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Doyle Log Scale in Board Feet

Diameter Small End *
in Inches

Log Length (in feet)

8'

10'

12'

14'

16'

18'

20'

8"

8

10

12

14

16

18

20

10"

18

23

27

32

36

41

45

12"

32

40

48

56

64

72

80

14"

50

63

75

88

100

113

125

16"

72

90

108

126

144

162

180

18"

98

123

147

172

196

221

245

20"

128

160

192

224

256

288

320

22"

162

203

243

284

324

365

405

24"

200

250

300

350

400

450

500

26"

242

303

363

424

484

545

605

28"

288

360

432

504

576

648

720

30"

338

423

507

592

676

761

845

32"

392

490

588

686

784

882

980

34"

450

563

675

788

900

1013

1125

36"

512

640

768

896

1024

1152

1280

* Diameter is the distance across the small cut end of the log , measured across the shortest distance inside the bark.



What is a Log Rule?

Since the first sawmill was built in the United States, over 100 log rules have been developed, using a variety of methods. Some were based upon the lumber tallies of individual mills, others were developed by diagramming the cross-section of boards in the ends of logs, while still others were developed using mathematical formulas. In general, log rules must account for the taper that exists in all logs, saw kerf (or the loss of wood as sawdust), and a fixed procedure for removing wood on the outside of the logs for slabs. The Doyle, Scribner, and International log rules are probably the most widely used rules in the eastern United States.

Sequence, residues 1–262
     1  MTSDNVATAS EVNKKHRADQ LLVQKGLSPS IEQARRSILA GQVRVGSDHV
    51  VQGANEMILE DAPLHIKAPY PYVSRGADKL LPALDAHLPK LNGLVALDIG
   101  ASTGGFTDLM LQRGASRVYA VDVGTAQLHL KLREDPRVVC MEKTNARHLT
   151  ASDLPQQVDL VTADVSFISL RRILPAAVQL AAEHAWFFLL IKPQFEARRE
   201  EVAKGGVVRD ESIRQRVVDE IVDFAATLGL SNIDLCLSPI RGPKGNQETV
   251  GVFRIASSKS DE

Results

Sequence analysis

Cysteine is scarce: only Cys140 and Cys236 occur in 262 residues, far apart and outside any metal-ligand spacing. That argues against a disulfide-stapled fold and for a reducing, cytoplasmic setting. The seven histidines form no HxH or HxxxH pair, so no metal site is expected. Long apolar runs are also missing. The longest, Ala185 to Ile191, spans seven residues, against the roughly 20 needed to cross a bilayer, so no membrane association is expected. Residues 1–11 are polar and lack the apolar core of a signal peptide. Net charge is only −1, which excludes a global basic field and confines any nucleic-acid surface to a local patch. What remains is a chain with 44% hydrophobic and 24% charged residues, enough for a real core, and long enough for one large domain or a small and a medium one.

Doyle Log Rule

The Doyle Log Rule, developed around 1825, is based on a mathematical formula and is widely used throughout the southern United States and is considered the standard in our Midwest locale. This rule allows for a saw kerf of 5/16 inch and a slabbing allowance of 4 inches, which is about twice the normal amount. Because of this, the Doyle Rule is somewhat inconsistent; it underestimates small logs and overestimates large logs. Note: In our area, the Doyle Log Scale is most commonly used.


Scribner Log Rule

The Scribner Log Rule, developed around 1846, is a good example of a diagram rule. It was created by drawing the cross-sections of 1-inch boards within circles representing the end view of logs. A space of 1/4 inch was left between the boards to account for saw kerf. The Scribner Rule does not have an allowance for log taper and typically underestimates logs, particularly if the log length is long. The Scribner Decimal C is a different form of the Scribner Rule; it rounds the volumes to the nearest 10 board feet. For example, 392 board feet on the Scribner is equivalent to 390 board feet on the Scribner Decimal C scale.


International 1/4-Inch Log Rule

This rule was developed in 1906 and is based on a reasonably accurate mathematical formula. The rule allows for a 1/4-inch saw kerf and a fixed taper allowance of 1/2 inch per 4 feet of log length. Deductions are also allowed for shrinkage of boards and a slab thickness that varies with the log diameter. Overall, the International 1/4-Inch Log Rule is the most consistent and is often used as a basis of comparison for log rules.

 

Click here to view Landowner's Guide to Measurement of Timber & Logs with Comparative Scales (pdf)

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